Twitter's new verification model sees rise in fake accounts after Elon Musk takeover
San Francisco, California - Numerous Twitter users have seized the moment to create fake celebrity accounts after the social media platform introduced a new verification system following the takeover by tech billionaire Elon Musk.
Previously, celebrities, politicians, journalists, and other public figures were required to provide proof of identification before receiving the blue-tick verification badge.
Under the new model, all customers who subscribe for $8 a month will be given verified accounts.
Musk has argued that authentication through payment services and the app platforms of Apple and Google was sufficient, so that Twitter could do without its own identity verification.
Musk also threatened to crack down on fake accounts and parody accounts, saying that anyone who operates a profile under another person's name and does not mark it as a parody is to be banned without warning.
Nevertheless, a number of fake accounts have sprung up since the roll-out of the new system despite the threat of being banned.
One user pretending to be LeBron James, for example, tweeted Wednesday that the basketball star was planning to leave the Los Angeles Lakers, causing a stir before the account @KINGJamez, differing only slightly from LeBron's official account name @KingJames, was eventually blocked.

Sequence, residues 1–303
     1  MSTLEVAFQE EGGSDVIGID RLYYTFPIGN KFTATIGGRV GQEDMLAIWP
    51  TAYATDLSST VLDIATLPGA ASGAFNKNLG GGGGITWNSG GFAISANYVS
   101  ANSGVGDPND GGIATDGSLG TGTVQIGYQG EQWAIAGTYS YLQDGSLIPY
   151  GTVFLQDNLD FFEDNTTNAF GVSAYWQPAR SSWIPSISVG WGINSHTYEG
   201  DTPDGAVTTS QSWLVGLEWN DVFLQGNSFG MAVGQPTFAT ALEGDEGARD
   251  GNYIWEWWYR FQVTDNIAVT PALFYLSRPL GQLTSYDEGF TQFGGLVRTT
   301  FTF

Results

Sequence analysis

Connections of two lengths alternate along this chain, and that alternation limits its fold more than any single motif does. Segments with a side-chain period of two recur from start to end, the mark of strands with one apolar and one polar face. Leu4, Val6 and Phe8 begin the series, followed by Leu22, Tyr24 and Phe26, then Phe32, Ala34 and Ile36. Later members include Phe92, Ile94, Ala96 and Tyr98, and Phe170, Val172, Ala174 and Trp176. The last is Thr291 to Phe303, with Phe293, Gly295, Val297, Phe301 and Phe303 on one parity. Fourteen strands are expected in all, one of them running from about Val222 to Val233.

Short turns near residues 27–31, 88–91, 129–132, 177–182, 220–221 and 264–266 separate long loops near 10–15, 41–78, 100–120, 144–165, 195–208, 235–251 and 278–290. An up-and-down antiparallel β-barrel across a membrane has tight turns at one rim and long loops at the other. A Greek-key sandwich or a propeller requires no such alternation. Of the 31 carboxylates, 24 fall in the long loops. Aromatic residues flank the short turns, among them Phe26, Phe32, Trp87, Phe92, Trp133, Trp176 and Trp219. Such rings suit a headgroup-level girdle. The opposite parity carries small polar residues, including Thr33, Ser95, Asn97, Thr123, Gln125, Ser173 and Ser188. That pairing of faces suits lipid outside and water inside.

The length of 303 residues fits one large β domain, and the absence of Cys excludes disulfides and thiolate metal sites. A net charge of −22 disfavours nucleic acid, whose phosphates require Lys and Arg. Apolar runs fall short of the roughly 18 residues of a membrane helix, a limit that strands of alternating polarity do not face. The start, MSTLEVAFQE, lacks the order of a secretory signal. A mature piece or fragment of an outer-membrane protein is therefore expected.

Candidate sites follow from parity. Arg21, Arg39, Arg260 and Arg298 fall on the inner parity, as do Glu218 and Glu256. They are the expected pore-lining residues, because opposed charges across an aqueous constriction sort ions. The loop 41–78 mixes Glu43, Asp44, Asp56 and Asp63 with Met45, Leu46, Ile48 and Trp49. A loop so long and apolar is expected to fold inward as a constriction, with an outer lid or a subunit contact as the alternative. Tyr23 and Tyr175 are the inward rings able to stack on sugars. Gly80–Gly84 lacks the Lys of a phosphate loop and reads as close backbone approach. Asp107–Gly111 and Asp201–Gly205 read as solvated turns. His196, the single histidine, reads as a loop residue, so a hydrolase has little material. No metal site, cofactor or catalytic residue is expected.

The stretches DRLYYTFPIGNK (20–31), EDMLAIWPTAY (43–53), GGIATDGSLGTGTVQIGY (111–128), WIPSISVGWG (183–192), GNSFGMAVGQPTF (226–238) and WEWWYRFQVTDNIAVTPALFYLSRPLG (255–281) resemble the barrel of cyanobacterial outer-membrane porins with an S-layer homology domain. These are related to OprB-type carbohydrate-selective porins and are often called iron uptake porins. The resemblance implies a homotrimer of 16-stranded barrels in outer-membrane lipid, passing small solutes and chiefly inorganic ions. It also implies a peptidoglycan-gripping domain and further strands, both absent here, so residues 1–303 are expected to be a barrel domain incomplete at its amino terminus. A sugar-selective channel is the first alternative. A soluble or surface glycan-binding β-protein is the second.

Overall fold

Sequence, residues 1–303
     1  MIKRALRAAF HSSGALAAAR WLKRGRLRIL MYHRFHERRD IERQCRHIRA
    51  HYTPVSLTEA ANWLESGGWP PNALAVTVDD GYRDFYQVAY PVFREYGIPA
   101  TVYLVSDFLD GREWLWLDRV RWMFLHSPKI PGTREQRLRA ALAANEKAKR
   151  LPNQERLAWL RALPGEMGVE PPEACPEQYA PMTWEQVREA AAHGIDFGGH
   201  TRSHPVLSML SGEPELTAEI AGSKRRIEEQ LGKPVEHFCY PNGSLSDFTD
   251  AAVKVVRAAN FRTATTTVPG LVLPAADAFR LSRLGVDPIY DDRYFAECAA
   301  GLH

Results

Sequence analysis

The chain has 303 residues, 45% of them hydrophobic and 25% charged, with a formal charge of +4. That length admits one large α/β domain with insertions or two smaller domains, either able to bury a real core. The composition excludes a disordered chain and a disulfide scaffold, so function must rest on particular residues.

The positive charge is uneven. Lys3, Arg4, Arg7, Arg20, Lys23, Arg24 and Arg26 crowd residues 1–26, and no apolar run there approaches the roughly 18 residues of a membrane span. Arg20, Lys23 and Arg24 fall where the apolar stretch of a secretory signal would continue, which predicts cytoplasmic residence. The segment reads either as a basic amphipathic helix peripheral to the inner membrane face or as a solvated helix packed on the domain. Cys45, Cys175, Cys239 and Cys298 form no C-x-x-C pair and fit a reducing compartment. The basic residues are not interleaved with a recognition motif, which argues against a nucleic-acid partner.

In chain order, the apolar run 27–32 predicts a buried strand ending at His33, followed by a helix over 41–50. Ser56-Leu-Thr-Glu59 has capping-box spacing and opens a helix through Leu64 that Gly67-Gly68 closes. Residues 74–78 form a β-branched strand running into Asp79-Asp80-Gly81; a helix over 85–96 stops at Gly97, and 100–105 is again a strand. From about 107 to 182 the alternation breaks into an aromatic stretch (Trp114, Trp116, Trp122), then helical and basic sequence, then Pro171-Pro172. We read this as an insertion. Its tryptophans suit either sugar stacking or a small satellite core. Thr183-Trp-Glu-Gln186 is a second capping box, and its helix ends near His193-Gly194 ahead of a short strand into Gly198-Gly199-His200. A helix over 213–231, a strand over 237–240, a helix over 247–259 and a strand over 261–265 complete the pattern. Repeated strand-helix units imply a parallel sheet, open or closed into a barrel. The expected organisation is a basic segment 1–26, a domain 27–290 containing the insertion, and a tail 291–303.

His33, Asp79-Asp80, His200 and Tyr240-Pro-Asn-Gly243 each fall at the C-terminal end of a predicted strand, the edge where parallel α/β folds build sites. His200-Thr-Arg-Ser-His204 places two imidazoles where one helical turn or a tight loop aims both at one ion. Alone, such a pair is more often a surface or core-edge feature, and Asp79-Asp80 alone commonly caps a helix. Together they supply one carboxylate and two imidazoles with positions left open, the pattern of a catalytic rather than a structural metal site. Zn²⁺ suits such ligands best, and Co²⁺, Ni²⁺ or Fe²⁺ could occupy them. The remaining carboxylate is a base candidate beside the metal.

Elon Musk indicates more changes are coming
Fake accounts have also been created for celebrities and companies.
Twitter support tweeted that such cases are being "aggressively" pursued.
Apparently, fake accounts hit the game companies Nintendo and Valve, among others, and an alleged Donald Trump account also returned to Twitter at times.
The former president has been banned from Twitter since January 2021 after making kind comments about his supporters storming the Capitol in Washington.
In what could be a promise towards more scrutiny, Musk tweeted late Wednesday: "In days to come, we'll add granularity to verified badge, such as organizational affiliation and ID verification."
Musk, who is also the chief executive officer of Tesla and SpaceX, completed his $44-billion-dollar takeover of the platform last month, immediately cutting the workforce and implementing the monthly subscription fee for users to be verified on the platform.
A grey tick and an "Official" label had also begun to roll out for previously verified accounts, but Musk backtraced on the new approach to verification on Wednesday, just hours after the new labels had begun to appear on some accounts.
Cover photo: REUTERS